The Pledge of Allegiance of the United States was originally composed by Francis Bellamy in 1892 and was formally adopted by Congress as the pledge in 1942. The official name of The Pledge of Allegiance was adopted in 1945. The last change in language came on Flag Day 1954 when the words “under God” were added. When you pledge allegiance to the flag, you promise loyalty and devotion to your nation.
I pledge allegiance… (You promise to be true)
…to the flag… (to the emblem of your country)
… of the United States of America… (a nation made up of fifty states and several territories, each with certain rights of its own)
… and to the republic… (a country where the people elect representatives from among themselves to make laws for them)
…for which it stands… (the flag represents the United States of America)
… one nation under God,… (a country whose people are free to believe in God)
… indivisible,… (the nation cannot be split into parts)
… with liberty and justice… (with freedom and fairness)
…for all. … (for every person in the country – you and every other American.)
Section 4 of the Flag Code states:
The Pledge of Allegiance to the Flag: “I pledge allegiance to the Flag of the United States of America, and to the Republic for which it stands, one Nation under God, indivisible, with liberty and justice for all.”, should be rendered by standing at attention facing the flag with the right hand over the heart. When not in uniform men should remove any non-religious headdress with their right hand and hold it at the left shoulder, the hand being over the heart. Persons in uniform should remain silent, face the flag, and render the military salute.”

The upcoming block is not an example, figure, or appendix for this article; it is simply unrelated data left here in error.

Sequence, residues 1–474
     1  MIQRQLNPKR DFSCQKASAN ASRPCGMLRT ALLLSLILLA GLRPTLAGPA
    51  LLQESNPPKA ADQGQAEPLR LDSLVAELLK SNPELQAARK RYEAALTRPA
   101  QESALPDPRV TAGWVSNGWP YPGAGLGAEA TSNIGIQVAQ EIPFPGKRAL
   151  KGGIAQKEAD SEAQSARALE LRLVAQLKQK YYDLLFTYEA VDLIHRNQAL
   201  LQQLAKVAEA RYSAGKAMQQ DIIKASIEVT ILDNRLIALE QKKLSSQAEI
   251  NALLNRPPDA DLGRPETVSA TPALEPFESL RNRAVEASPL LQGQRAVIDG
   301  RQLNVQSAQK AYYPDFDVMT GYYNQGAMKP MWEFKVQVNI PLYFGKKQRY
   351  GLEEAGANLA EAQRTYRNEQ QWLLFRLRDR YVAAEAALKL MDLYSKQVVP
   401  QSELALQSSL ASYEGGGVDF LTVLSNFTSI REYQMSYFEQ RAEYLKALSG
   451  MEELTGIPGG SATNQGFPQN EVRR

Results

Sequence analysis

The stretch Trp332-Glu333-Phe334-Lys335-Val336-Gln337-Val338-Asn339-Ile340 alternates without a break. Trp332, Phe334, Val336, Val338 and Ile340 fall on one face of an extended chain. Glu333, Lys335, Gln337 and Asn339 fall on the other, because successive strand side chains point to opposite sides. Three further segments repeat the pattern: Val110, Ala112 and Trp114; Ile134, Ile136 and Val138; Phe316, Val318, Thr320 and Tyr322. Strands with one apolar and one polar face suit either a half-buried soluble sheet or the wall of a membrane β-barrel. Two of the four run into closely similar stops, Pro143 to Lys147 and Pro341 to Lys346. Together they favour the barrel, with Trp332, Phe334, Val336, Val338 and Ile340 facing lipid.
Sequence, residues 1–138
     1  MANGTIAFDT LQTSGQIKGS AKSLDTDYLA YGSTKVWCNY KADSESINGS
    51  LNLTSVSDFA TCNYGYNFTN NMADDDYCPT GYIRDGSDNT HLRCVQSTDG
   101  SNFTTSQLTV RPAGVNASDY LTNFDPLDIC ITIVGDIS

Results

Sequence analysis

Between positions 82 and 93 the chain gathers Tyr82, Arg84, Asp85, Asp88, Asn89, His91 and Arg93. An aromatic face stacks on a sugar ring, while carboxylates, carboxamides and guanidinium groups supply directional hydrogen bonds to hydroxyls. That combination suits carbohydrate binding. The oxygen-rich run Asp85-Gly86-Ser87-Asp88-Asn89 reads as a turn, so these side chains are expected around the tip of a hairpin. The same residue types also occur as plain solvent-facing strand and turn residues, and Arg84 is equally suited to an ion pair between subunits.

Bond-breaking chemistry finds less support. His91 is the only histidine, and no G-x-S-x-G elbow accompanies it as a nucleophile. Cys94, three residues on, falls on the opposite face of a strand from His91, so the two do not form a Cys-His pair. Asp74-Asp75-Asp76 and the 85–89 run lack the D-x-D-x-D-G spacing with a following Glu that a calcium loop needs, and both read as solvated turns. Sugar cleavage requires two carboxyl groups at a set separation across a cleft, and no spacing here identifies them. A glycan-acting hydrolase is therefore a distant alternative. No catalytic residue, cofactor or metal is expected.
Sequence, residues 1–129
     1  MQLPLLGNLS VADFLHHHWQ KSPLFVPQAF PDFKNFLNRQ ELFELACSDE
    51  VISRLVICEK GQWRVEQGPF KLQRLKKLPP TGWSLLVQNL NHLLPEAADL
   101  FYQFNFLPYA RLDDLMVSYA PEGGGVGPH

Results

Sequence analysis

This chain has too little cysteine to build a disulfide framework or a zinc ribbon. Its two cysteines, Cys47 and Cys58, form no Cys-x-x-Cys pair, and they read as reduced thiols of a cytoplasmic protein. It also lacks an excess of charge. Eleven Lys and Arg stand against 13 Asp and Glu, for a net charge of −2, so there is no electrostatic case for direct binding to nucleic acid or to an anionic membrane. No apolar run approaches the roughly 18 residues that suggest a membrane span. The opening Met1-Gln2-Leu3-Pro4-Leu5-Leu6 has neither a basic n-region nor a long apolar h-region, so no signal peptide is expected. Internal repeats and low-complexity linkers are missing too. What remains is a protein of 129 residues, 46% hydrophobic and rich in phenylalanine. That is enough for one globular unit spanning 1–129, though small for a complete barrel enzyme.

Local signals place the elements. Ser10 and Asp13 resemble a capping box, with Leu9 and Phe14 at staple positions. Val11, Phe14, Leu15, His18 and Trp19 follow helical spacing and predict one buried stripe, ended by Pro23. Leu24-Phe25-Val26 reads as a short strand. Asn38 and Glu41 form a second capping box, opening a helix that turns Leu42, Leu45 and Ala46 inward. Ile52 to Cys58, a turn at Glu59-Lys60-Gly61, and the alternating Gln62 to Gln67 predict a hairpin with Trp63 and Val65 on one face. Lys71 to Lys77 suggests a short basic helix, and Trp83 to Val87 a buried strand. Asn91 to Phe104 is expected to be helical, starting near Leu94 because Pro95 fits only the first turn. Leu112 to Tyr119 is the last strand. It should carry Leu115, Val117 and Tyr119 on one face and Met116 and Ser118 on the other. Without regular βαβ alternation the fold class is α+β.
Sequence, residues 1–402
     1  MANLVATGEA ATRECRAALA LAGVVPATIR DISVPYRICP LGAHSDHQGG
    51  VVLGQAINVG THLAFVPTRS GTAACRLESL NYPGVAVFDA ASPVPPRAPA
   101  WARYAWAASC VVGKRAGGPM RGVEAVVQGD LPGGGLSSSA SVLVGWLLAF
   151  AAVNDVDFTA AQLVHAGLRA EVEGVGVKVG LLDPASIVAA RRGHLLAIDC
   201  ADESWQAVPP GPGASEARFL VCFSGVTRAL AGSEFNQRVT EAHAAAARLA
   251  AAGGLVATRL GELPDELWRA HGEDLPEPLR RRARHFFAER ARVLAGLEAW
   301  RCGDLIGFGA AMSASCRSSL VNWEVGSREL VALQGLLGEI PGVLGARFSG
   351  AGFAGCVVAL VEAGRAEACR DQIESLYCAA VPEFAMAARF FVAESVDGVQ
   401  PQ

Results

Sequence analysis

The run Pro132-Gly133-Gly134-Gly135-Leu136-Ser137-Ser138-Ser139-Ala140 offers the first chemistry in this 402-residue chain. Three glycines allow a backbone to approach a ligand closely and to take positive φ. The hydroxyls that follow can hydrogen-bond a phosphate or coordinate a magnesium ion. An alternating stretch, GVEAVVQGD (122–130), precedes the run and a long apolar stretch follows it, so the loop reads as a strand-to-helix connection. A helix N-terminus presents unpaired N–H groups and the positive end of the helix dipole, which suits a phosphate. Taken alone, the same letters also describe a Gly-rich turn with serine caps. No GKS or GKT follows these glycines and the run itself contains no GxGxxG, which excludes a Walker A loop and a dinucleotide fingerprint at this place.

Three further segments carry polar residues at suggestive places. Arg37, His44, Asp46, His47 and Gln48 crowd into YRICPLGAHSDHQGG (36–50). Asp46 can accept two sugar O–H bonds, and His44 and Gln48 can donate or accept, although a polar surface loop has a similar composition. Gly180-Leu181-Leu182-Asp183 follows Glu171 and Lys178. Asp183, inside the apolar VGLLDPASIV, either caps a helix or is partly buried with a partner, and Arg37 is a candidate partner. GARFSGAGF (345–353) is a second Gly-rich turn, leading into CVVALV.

I have not found anyone who could say and explain our Pledge of Allegiance better than Red Skelton does in this video. The ending is surprising and almost prophetic.
The following are the words spoken by the late Red Skelton on his television program as he related the story of his teacher, Mr. Laswell, who felt his students had come to think of the Pledge of Allegiance as merely something to recite in class each day. Now, more than ever, listen to the meaning of these words.
“I’ve been listening to you boys and girls recite the Pledge of Allegiance all semester and it seems as though it is becoming monotonous to you. If I may, may I recite it and try to explain to you the meaning of each word?”
- me, an individual, a committee of one.
- dedicate all of my worldly goods to give without self pity.
- my love and my devotion.
- To the flag
- our standard, Old Glory, a symbol of freedom. Wherever she waves, there’s respect because your loyalty has given her a dignity that shouts freedom is everybody’s job!
- that means that we have all come together.
- individual communities that have united into 48 great states. Forty-eight individual communities with pride and dignity and purpose; all divided with imaginary boundaries, yet united to a common purpose, and that’s love for country.
- And to the republic
- a state in which sovereign power is invested in representatives chosen by the people to govern. And government is the people and it’s from the people to the leaders, not from the leaders to the people.
- For which it stands, one nation
- one nation, meaning “so blessed by God”
- incapable of being divided.
- With liberty
- which is freedom — the right of power to live one’s own life without threats, fear or some sort of retaliation.
- And Justice
- the principle or quality of dealing fairly with others.
- For all
- which means, boys and girls, it’s as much your country as it is mine.
Since I was a small boy, two states have been added to our country and two words have been added to the pledge of Allegiance…
UNDER GOD Wouldn’t it be a pity if someone said that is a prayer and that would be eliminated from schools too?
God Bless America!